Joel Raney is an incredible pianist and composer. He is part of the editorial staff at Hope Publishing Company, has studied piano and organ at the University of North Alabama, and has his Master of Music in piano performance from The Juilliard School of Music. We are thankful Joel took time from his busy schedule to answer a few questions for us.
When did you begin in music? Sometime between learning to walk, and learning to read…I really don’t remember not being in music. I grew up on the piano bench… an old Story and Clark upright, pounding out things I heard, and playing the hymns in boogie-woogie style, which my mother absolutely hated!
Did you have an “a-ha” moment when you knew you wanted to be a musician? Several, actually. The first was at age 14, winning the North Alabama State Fair talent competition with my rendition of “Alabama Jubilee” on the Hammond organ. I took my shoes off, wore red socks, and did a little pedal solo that killed. Then a few years later, I was playing my first Bach 2-part invention, when suddenly, both hands started working, almost as if by magic, on their own. Wow, that was a great feeling I’ll never forget. Crossing that first bridge to a new level. That’s when I started actually getting serious.
What kind of things inspire you? People inspire me. Memories inspire me. Nature inspires me. My wife and kids inspire me. Just waking up in the morning and realizing I have another day, and another chance to create something… that inspires me. Sometimes that inspiration doesn’t last long, but I usually start the day with it!
What inspired you to become a composer? It just happened gradually. Performing and improvising leads to arranging, which leads to composing.
What would you say defines your style? I’m still working on that, but there are three kinds of music that I love, and I guess they all find their way into my writing. 1: Classical, of course. Three years and a masters from Juilliard, and listening to hours and hours of the masterworks…that has an impact. 2: Film scores. I love hearing how the music actually directs the emotion; the same is true of musical theater, which is also a passion. 3: Southern soul and gospel. Listening to Ted Smith and others play that evangelical piano, and playing in a rural church.
Tell me one thing that people might not know about you. I’m married to one of the best singers you’ll ever hear. She’s got a lot of soul, and sells a song better than anyone I’ve ever heard. When she sings a ballad, I usually can’t get through it without dripping a tear or two on the keyboard. Oh, and I performed in Pump Boys and Dinettes in Chicago for a couple of years where I wore red cowboy boots, and tap-danced while playing the accordion and singing a song about having a farmer tan.
What are you working on now? A gospel chorale for SATB and children’s choir, a handbell setting of “The Angel Gabriel from Heaven Came,” an arrangement to close our church Christmas program, and a jingle for Rent-a-Center.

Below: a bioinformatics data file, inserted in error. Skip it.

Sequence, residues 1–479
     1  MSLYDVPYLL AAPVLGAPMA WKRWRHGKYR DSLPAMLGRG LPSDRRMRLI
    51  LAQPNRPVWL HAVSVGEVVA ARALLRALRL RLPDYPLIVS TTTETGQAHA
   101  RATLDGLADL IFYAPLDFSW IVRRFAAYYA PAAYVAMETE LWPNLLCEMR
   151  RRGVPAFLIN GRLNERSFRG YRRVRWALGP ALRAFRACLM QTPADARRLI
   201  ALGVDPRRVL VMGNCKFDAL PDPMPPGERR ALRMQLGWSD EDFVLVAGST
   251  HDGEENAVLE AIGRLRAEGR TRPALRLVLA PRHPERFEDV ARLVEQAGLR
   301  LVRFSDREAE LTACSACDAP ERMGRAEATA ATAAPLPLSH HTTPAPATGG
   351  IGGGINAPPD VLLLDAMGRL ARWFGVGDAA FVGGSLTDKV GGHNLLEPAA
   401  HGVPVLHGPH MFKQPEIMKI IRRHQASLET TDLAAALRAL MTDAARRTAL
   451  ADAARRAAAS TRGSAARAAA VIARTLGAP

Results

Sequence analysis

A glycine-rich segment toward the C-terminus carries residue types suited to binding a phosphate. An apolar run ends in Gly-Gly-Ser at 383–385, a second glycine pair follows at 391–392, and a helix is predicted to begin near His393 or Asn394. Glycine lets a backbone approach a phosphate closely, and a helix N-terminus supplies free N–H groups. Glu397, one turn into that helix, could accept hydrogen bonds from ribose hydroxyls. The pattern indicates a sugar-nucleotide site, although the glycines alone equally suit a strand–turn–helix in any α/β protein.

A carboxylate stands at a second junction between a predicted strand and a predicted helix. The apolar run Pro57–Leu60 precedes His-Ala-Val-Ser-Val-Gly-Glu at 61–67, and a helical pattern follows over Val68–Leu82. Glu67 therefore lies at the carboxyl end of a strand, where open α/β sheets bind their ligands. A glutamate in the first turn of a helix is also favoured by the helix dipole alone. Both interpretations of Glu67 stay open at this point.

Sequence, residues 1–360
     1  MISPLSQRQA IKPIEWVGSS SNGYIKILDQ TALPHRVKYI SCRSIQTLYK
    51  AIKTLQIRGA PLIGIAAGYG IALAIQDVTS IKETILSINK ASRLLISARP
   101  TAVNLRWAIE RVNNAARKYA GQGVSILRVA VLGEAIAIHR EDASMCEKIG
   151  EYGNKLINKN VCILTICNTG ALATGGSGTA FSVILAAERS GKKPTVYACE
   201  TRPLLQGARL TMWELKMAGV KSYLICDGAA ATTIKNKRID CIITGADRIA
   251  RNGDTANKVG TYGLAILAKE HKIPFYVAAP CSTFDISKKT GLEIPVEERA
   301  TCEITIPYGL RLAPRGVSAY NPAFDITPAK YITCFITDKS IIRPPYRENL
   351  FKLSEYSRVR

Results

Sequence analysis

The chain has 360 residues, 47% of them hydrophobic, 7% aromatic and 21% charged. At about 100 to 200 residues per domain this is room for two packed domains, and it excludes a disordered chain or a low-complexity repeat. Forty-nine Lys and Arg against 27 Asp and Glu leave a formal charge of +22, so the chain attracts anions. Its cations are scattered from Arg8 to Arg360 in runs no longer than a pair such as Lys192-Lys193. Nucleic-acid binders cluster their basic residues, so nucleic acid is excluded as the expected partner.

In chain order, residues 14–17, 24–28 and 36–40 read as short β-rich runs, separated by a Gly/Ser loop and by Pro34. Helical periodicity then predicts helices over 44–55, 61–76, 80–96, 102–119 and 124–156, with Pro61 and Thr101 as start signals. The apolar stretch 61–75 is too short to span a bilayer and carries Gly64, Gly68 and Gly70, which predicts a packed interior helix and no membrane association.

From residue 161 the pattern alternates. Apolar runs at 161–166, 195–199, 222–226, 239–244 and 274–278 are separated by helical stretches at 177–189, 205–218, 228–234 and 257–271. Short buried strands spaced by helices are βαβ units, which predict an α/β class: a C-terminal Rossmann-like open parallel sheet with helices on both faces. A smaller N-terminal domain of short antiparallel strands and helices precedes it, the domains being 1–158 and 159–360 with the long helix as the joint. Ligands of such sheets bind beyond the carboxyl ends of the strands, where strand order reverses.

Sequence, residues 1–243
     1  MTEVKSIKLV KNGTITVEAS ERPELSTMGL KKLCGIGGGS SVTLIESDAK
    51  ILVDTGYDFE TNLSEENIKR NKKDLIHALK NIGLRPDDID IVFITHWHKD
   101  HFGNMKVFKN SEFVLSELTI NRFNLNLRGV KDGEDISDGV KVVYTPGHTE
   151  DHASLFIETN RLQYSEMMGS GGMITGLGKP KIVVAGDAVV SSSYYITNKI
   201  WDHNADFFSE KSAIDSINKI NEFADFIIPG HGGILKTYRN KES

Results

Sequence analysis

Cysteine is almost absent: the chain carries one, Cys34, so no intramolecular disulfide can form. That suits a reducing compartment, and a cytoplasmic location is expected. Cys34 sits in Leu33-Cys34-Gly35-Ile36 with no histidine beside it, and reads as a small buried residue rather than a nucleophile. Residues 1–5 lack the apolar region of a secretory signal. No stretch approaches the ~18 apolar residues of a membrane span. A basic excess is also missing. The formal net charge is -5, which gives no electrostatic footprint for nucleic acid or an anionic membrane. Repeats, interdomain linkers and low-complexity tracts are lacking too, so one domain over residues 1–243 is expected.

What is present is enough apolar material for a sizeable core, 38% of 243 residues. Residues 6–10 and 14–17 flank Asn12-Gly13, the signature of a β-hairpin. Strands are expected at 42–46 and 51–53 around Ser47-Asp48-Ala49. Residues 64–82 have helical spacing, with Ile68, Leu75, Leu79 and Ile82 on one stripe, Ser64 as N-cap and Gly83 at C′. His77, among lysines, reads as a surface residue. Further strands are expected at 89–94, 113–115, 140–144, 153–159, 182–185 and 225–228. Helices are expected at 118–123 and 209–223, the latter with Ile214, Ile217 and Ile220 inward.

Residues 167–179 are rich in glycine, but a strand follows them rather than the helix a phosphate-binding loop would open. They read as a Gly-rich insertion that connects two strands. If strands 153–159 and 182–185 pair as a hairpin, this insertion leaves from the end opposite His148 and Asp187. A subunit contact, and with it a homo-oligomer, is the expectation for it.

What is your all time favorite choral piece (by another composer)? Impossible question to answer. “For the Beauty of the Earth” by Rutter; “A Jubilant Song” by Dello Joio; Eric Whitacre’s “Cloudburst“; Rutter’s “Te Deum“; “Hear My Prayer” by Mendelssohn.
Do you have any advice or tips for those interested in composing? Listen to everything you can, study with whomever you can, and pray for a way to earn a living.
Would you say that music comes to you more often through slow, careful planning, or by sudden inspiration? One or the other…never in between.
What are your favorite texts to set to music? Psalms, and anything about peace.
What is your favorite thing about composing? Being creative is, in my opinion, what connects us with our creator.
Quickfire Questions (partially stolen from James Lipton on Inside the Actors’ Studio)
1. What is your favorite word? Hope
2. What is your least favorite word? Can’t
3. What sound or noise do you love? A baby giggling
4. What sound or noise do you hate? Anyone talking loudly on a cell phone in public
5. What profession, other than your own, would you like to attempt? Being a chef
6. What is your favorite composition? Whatever I just finished
7. What is on your iPod? Bill Evans, Oscar Peterson, the complete piano works of Chopin, John Rutter, Eric Whitacre, Ray Charles, The Messiah, Andreas Wolenweider, dozens of film scores, Stephen Sondheim…
8. Is there anyone you would like to collaborate with, living or dead, that you haven’t yet? I’m open to anyone.
9. If you were stranded on a desert island, and could only have the music of one composer, other than yourself, who would it be? Mozart… because there’s a lot of it, and lots of it is cheerful, and I’d need a lot of cheering up.
Joel is a talented, gracious person and a gifted composer. If you have the chance to attend a concert that he is performing in or a workshop that he is giving, RUN, don’t walk to get there. And Joel, thank you for your time!